Goldman Sachs Is the Best/Worst

I spent 20 years as a financial news reporter, and I appreciate a good bank heist. And nobody is better at this business of making money under whichever circumstances than Goldman Sachs; this, from the newsletter by my former colleague Matt Levine of Bloomberg News, is just priceless:

Consumer relief

In the years leading up to the 2008 financial crisis, Goldman Sachs Group Inc. did some bad mortgage stuff.[1] It bought risky mortgages from mortgage lenders, packaged them into mortgage-backed securities, understated the risks of those loans and the shoddiness of the underwriting in the offering documents for the securities, and sold them to investors. When the loans went bad, the investors lost money. This was a popular activity among a lot of banks in those years, and they all got in a lot of trouble for it.

The obvious first-order victims of this behavior were the investors who bought the mortgage-backed securities based on the banks’ misrepresentations. The specific thing that Goldman (and other banks) got in trouble for was lying about the quality of the mortgages that it sold to investors, for its “conduct in the packaging, securitization, marketing, sale and issuance of residential mortgage-backed securities.”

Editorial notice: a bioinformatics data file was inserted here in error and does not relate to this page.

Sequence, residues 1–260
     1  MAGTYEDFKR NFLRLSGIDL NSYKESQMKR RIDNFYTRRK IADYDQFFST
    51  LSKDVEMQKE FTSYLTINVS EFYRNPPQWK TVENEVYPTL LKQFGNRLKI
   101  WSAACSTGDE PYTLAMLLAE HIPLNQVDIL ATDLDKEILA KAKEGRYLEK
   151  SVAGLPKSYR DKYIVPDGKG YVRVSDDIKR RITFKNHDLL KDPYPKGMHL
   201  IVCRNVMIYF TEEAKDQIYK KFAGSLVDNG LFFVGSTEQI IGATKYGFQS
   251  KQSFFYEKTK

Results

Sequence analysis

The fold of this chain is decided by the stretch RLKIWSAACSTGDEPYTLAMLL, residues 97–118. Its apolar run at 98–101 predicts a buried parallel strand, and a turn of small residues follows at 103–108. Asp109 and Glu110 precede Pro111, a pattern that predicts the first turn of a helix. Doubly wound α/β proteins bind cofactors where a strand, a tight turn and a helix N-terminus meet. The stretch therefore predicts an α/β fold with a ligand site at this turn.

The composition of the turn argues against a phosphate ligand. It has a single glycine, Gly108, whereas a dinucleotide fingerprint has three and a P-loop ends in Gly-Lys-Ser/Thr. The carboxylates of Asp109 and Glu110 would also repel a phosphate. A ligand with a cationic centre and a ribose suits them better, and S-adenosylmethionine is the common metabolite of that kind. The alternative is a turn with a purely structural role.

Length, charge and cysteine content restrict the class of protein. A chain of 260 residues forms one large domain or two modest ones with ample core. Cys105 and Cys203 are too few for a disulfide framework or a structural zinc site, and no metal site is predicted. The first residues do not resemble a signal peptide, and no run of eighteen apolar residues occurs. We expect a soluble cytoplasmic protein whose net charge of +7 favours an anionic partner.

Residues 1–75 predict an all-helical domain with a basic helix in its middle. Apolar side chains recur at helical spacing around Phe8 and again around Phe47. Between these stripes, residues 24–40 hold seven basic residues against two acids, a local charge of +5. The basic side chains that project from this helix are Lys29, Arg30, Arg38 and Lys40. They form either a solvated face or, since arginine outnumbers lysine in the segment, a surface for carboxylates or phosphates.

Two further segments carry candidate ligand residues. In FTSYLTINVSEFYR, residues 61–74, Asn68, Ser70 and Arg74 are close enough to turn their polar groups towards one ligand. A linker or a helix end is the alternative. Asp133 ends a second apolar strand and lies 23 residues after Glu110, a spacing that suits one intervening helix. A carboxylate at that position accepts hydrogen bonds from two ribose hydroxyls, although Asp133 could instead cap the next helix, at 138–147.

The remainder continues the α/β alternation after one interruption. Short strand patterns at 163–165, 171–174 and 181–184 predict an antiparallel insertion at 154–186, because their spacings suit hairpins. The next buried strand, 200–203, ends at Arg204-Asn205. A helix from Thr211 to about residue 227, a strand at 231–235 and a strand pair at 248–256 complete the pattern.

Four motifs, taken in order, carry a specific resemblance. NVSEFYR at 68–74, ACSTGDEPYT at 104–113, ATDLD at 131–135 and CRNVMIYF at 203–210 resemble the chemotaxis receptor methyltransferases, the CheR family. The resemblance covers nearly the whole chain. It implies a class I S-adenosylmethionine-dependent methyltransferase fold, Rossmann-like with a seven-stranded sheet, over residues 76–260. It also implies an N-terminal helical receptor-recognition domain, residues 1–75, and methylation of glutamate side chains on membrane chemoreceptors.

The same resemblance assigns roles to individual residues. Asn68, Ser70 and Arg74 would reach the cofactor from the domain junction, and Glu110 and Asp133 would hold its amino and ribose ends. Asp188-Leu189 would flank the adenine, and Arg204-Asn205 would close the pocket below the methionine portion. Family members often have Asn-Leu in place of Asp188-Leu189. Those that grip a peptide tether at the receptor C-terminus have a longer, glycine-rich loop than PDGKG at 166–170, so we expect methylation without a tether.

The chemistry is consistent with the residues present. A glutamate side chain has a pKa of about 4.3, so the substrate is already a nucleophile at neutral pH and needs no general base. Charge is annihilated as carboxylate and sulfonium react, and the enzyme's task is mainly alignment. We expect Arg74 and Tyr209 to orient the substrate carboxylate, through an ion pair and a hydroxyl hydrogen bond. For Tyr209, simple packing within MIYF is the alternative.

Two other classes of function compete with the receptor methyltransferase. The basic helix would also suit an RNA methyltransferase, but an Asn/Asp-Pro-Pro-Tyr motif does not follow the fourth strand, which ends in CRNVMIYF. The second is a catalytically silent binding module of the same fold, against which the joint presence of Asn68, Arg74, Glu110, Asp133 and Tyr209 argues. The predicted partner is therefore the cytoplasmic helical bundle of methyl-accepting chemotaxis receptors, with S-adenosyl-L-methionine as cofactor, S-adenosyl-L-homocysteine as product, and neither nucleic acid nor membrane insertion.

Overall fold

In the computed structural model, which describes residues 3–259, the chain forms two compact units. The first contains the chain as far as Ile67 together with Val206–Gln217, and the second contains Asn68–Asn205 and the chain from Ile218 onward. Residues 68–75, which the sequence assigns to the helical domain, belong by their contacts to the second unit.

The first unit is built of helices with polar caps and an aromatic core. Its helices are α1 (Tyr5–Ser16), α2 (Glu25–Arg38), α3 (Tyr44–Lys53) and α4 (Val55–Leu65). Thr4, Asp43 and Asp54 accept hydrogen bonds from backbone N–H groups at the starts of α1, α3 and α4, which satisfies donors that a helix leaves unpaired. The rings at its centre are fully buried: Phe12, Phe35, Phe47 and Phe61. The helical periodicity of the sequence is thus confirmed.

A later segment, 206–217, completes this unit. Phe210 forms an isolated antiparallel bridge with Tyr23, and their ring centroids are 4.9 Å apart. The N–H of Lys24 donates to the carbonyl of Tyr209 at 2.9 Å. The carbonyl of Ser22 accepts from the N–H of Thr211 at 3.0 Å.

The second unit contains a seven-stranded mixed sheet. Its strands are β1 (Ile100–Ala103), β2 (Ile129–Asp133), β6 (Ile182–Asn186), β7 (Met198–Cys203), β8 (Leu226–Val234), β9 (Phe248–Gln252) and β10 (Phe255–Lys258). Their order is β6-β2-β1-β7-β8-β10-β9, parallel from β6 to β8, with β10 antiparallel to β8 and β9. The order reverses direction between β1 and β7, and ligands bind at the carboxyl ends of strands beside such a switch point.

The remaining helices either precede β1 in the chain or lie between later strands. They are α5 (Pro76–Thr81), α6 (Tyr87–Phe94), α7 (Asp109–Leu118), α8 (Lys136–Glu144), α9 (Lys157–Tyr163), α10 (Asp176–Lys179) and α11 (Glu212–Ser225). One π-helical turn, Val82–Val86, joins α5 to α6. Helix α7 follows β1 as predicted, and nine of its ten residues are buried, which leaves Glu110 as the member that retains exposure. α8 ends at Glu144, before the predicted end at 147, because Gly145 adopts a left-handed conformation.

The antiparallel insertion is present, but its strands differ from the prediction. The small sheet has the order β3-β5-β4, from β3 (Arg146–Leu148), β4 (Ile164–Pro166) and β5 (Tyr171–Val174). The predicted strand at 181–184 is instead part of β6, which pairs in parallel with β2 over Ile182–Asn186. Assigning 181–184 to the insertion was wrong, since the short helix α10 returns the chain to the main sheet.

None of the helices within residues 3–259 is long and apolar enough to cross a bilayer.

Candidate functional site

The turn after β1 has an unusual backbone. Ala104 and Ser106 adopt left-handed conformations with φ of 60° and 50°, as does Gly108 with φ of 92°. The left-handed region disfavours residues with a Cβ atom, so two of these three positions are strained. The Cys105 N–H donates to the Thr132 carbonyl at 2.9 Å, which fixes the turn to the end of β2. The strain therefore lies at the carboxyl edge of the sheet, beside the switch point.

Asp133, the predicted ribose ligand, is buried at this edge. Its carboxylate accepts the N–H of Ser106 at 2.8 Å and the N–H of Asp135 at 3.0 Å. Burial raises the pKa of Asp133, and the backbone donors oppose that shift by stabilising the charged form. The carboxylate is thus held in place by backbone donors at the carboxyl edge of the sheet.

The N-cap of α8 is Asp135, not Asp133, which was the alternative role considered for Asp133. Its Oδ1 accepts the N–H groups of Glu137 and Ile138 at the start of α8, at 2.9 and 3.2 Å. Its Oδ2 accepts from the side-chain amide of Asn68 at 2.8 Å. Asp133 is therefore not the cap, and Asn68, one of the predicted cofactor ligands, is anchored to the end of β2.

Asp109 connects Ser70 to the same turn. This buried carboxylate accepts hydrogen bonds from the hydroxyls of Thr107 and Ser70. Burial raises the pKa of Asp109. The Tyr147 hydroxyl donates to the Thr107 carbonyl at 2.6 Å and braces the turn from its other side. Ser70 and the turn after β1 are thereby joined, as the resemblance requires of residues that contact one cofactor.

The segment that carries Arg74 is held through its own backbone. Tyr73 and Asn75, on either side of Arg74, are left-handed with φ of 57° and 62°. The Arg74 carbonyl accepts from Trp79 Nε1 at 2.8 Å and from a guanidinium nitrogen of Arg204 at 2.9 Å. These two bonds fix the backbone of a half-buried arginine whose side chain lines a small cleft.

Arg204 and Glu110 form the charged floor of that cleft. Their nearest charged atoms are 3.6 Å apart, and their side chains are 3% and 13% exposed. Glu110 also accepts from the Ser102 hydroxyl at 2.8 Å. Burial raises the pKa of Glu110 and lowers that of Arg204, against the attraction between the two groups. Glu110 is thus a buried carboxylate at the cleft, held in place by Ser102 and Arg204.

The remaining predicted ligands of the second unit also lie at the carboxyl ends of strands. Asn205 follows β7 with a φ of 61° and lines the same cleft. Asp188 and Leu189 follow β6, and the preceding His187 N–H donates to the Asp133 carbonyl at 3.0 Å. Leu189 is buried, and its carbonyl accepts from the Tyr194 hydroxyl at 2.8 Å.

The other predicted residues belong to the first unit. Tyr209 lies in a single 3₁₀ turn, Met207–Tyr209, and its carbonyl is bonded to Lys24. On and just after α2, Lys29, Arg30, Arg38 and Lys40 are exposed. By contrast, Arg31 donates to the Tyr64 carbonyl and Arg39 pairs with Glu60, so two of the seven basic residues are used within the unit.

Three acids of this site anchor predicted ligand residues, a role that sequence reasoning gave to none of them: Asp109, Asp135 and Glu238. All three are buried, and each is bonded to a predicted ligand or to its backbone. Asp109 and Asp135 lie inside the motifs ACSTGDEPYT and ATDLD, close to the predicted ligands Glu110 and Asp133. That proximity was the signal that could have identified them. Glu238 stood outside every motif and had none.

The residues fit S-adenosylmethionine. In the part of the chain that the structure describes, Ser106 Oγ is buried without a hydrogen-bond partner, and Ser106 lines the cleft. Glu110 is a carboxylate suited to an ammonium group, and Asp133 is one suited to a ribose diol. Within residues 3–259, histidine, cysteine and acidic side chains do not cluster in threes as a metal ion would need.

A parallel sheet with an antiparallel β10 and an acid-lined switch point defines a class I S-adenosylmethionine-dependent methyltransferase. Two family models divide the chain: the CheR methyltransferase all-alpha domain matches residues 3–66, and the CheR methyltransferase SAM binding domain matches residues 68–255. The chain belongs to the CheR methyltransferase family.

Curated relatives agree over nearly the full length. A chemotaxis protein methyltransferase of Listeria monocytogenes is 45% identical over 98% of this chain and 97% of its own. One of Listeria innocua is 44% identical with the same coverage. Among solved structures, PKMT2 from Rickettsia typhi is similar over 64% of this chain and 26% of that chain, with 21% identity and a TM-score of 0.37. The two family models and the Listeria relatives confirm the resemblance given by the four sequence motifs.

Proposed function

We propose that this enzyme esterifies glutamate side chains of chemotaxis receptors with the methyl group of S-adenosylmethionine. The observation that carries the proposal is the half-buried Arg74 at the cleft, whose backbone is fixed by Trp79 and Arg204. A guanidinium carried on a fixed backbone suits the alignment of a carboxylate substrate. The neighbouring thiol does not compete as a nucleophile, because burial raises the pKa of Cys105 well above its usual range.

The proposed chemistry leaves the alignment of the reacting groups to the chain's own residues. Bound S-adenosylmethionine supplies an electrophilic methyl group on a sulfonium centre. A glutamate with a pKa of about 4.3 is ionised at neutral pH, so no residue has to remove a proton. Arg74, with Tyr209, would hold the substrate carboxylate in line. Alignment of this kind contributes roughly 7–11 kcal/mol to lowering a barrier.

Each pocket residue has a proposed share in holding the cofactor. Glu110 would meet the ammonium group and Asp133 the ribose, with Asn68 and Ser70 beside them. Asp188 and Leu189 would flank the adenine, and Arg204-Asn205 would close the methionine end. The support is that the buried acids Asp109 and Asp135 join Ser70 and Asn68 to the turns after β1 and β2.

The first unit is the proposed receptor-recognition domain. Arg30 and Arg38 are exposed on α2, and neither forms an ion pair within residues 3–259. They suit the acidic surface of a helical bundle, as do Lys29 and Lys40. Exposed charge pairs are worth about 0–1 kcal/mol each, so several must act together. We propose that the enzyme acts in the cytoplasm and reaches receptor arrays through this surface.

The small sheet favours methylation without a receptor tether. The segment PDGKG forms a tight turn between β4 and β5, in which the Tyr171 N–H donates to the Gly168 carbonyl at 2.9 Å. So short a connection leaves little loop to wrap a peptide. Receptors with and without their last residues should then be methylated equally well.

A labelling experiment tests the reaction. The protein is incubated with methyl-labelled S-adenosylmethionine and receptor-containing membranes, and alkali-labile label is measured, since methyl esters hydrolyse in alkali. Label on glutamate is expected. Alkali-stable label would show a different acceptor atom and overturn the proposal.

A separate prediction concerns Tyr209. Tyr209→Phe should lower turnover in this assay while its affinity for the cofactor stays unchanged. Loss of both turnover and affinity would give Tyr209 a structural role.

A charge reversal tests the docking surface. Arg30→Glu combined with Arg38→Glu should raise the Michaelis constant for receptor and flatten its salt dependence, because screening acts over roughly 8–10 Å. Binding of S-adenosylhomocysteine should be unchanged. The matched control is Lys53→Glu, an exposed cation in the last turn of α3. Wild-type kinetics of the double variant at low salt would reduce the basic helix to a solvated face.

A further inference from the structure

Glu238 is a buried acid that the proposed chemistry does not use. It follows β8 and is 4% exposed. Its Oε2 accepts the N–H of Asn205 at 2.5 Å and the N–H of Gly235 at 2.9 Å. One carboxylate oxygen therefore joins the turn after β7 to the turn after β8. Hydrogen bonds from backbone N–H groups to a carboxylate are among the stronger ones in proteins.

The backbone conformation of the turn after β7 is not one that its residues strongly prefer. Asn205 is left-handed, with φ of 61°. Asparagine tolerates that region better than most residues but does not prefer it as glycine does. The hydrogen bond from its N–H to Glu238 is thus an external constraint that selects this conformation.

But there were second-order victims. The entire global economy was brought down by the failure of the U.S. mortgage machine, for one thing. Also the homeowners who got those risky mortgage loans often ended up losing their homes when they couldn’t pay.

So when Goldman (and the other banks) got in trouble for packaging bad mortgage securities, and they had to pay giant piles of money to settle the charges, there was a widespread view that it would not be seemly to hand that money over to hedge funds and insurance companies and German banks and other mortgage investors, while the people with the mortgages kept losing their homes. So a big chunk of each bank’s settlement, including Goldman’s, was earmarked for “consumer relief.” The idea, loosely, was that some of the victims of Goldman’s mortgage conduct were regular people who got bad mortgages, and so some of Goldman’s penance should be, basically, forgiving their mortgages.